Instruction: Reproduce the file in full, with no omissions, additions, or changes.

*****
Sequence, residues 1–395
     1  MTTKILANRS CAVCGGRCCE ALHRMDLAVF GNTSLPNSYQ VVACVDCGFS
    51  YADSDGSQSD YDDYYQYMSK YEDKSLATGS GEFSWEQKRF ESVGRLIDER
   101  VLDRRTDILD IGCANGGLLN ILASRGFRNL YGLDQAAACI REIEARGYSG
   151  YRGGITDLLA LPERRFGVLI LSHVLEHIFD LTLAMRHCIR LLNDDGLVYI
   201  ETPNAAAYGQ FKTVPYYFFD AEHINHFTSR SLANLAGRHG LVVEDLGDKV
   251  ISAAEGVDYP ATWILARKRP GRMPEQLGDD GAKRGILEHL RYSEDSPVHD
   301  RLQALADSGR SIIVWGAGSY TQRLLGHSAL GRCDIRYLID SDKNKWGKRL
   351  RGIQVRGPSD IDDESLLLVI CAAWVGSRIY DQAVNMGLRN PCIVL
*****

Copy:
Sequence, residues 1–395
     1  MTTKILANRS CAVCGGRCCE ALHRMDLAVF GNTSLPNSYQ VVACVDCGFS
    51  YADSDGSQSD YDDYYQYMSK YEDKSLATGS GEFSWEQKRF ESVGRLIDER
   101  VLDRRTDILD IGCANGGLLN ILASRGFRNL YGLDQAAACI REIEARGYSG
   151  YRGGITDLLA LPERRFGVLI LSHVLEHIFD LTLAMRHCIR LLNDDGLVYI
   201  ETPNAAAYGQ FKTVPYYFFD AEHINHFTSR SLANLAGRHG LVVEDLGDKV
   251  ISAAEGVDYP ATWILARKRP GRMPEQLGDD GAKRGILEHL RYSEDSPVHD
   301  RLQALADSGR SIIVWGAGSY TQRLLGHSAL GRCDIRYLID SDKNKWGKRL
   351  RGIQVRGPSD IDDESLLLVI CAAWVGSRIY DQAVNMGLRN PCIVL